Untitled is a dialogue between two panels of an expansive canvas, one dominated by a gray void and shot through with a chromatic spectrum, the other a chromatic spectrum pierced by a chasm of gray. The binary relationship of this compositional structure captures a sense of the breadth of Johns's interests in painting, which challenged accepted notions of the medium from both loftily cerebral and materially grounded points of view.
Kirk Varnedoe's elegant précis of the character of Johns's work is particularly relevant to the contemplation of Untitled: "[There is a] particular blend of stimulations, irritations, and rewards that we sense as a personality or character in the presence of Johns-made objects, with their yes-no rhythms of fast and slow, thick and thin, liquidity and dryness, intimacy and implacable chilliness, the literal and the inexplicable in fusion. Johns has been at various times the wielder of a cool, smoothly anonymous touch, and at others the author of some of the densest and most caressed surfaces in contemporary painting; in turn a master of monochrome whites and grays, a strict practitioner of primary and secondary hues only, and then a painter who runs the chromatic scale, from body colors -- the pinks of flesh and lips, sanguine crimson -- through orchid tints to fauve fireworks" (K. Varnedoe, quoted in Jasper Johns, A Retrospective, exh. cat. Museum of Modern Art, New York, 1996, p. 15).
Untitled juxtaposes both color and technique. The rival palettes of mute gray and radiant color suggesting absence versus plentitude, are applied in distinct ways. The gray pigment appears to have been applied by a broad brush, creating a modulated surface as the result of differing passages of transparency versus opacity. The technicolor spectrum, on the other hand, has been created by pulling the pigments across the surface, using the device of the wooden bars that Johns has attached with metal hinges to the canvas, seemingly at the termination point of the action that brought them into being. Applying paint by scraping it in this manner loads the canvas with a sense of the force and tensile pressure brought to bear in this extended movement across the surface, while at the same time it makes the gesture a quasi-mechanical one, further reiterated in the use of a readymade chromatic spectrum whose bars of color are measured out in uniform increments.
In the early 1960s, Johns had developed the method of using wooden stretcher bars or rulers to apply paint to the canvas, laying bare the process of creation. A work that is related to the present painting, Untitled in the Stedelijk Museum, contrasts solid planes of color with a variety of painted and assembled elements, including a color spectrum applied by scraping it across the canvas in an arc, with rulers laid next to the edge that reiterate the quantitative division of each line of color. This was one of the ways that Johns chose to shift the viewer's attention back to the material status of the painting. As Varnedoe has pointed out, "he appears to have found in such measuring tools a distinct vein of associations, tied up with the basic processes of breaking a whole into parts and subsuming disparate things under a single order of standard, conventional increments.The presence of rulers, thermometers, color charts and makeshift compasses as instruments of hard quantification within the ostensibly unmeasurable ambiguities of the pictorial field produced a collision he found interesting" (Ibid., p. 26).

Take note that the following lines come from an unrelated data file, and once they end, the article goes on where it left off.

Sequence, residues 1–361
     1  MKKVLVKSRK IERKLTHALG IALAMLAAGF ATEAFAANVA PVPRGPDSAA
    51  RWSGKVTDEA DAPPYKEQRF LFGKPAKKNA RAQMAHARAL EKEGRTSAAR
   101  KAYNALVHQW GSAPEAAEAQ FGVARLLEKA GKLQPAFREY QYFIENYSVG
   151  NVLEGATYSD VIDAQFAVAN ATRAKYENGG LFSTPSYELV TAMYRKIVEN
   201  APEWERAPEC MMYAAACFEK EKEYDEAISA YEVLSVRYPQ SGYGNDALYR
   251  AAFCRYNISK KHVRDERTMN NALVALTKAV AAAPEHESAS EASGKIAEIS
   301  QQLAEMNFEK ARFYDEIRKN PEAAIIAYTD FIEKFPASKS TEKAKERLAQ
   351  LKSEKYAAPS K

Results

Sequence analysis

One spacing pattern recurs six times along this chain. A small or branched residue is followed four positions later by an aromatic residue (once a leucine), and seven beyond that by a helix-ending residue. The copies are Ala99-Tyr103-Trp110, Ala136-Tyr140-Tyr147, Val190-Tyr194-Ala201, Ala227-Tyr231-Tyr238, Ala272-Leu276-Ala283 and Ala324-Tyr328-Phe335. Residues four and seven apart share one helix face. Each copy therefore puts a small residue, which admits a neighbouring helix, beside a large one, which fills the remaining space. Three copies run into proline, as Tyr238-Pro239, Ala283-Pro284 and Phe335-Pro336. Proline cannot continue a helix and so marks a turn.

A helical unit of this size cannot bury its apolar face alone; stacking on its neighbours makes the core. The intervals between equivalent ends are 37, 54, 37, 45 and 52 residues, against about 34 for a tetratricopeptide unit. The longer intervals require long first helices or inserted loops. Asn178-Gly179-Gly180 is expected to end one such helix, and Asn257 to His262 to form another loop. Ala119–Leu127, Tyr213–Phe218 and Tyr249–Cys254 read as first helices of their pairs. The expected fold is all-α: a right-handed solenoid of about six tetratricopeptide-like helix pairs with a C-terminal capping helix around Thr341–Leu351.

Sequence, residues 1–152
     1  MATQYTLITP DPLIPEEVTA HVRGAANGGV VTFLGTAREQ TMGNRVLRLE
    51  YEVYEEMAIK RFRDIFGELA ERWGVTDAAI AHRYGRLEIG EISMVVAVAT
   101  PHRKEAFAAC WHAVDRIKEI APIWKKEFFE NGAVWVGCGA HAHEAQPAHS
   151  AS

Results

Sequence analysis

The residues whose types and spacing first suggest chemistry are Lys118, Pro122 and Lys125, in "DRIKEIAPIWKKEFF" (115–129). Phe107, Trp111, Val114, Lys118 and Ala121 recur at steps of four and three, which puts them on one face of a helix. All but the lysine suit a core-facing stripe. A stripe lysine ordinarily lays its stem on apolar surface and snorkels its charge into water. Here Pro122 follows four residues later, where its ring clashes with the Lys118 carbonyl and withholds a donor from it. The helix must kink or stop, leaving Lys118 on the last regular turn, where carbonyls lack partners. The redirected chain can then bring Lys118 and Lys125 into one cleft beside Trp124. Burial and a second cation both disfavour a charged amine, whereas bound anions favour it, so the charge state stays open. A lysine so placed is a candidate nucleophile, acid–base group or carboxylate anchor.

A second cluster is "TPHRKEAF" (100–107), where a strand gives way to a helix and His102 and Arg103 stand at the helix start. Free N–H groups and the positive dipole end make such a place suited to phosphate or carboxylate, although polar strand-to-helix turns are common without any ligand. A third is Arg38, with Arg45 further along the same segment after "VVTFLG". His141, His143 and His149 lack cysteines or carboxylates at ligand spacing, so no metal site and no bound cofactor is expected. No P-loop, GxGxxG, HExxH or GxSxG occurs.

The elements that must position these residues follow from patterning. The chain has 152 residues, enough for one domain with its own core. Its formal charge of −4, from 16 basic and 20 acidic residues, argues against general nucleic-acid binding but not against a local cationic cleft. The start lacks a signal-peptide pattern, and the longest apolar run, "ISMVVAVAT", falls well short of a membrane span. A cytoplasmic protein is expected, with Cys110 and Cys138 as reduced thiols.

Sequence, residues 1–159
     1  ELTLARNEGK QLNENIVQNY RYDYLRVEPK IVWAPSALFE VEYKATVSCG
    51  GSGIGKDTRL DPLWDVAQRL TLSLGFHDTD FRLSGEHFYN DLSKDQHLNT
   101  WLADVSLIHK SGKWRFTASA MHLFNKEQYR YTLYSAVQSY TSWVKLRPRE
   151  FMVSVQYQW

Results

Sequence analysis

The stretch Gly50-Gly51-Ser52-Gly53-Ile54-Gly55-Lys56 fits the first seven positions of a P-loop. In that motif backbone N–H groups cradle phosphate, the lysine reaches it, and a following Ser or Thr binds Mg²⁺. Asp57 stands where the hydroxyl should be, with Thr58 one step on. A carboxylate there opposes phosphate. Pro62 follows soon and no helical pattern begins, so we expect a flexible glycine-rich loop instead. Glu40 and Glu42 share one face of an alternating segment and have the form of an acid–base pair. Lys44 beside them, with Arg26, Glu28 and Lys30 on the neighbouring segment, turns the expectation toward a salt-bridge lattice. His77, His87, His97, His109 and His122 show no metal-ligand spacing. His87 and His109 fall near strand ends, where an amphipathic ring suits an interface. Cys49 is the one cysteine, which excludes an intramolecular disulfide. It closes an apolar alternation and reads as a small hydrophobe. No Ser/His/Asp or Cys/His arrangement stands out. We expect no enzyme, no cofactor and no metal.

Johns was intrigued by the possibilities of working on large-scale paintings in the mid-1960s, and produced some of the biggest works of his career during this period. Its vast scale (over eight feet wide) is crucial to the visual impact of Untitled, yet the work is also marked by the influence of Johns's explorations into printmaking. As Varnedoe explains, "From 1960, Johns's own work in printmaking further attuned him to (among other things) overlay, delay, surface resistance, mirror reversal, the modular partition of wholes into parts, and figure/ground separation.The mirroring and variation effects of print transfer -- which dovetailed with Johns's interest in basic matters of identity, repetition and change -- could for example translate into diptychs that made a new whole out of two mirrored parts" (Ibid., p. 27). The structure of Untitled plays with the ideas of repetition and positive/negative relationships, as the two sides of the canvas present a reversal of figure and ground. Johns confounds the logic of simple reversal, however, as the colored spectrum at the left is not just a fragment of the missing portion at right, but is rather a reprise of the spectrum on a reduced scale.
By drawing attention to the process of making the work, and opening up incongruities within the composition, Johns foregrounds in Untitled the visceral experience of looking. As Johns insisted, "I think a painting should include more experience than simply intended statement. I personally would like to keep the painting in a state of 'shunning statement,' so that one is left with the fact that one can experience individually as one pleases; that is not to focus the attention in one way, but to leave the situation as a kind of actual thing, so that the experience of it is variable" (J. Johns, quoted in Sylvester, "Interview with Jasper Johns," p. 19.).
Jasper Johns (b. 1930)
Oil on joined canvas with wood slats and hinges
PROPERTY FROM A PRIVATE COLLECTION
Signed and dated '1965-67 J. JOHNS' (lower right)
late 20th Century, Paintings, Americas, Contemporary
73¾ x 100 in. (187.3 x 254 cm.)
R. Bernstein, Jasper Johns' Paintings and Sculptures, 1954-1974, "The Changing Focus of the Eye," Ann Arbor, 1985, p. 145.
Leo Castelli Gallery, New York
McCrory Corporation, New York
M. Knoedler & Co., New York
Acquired from the above by the present owner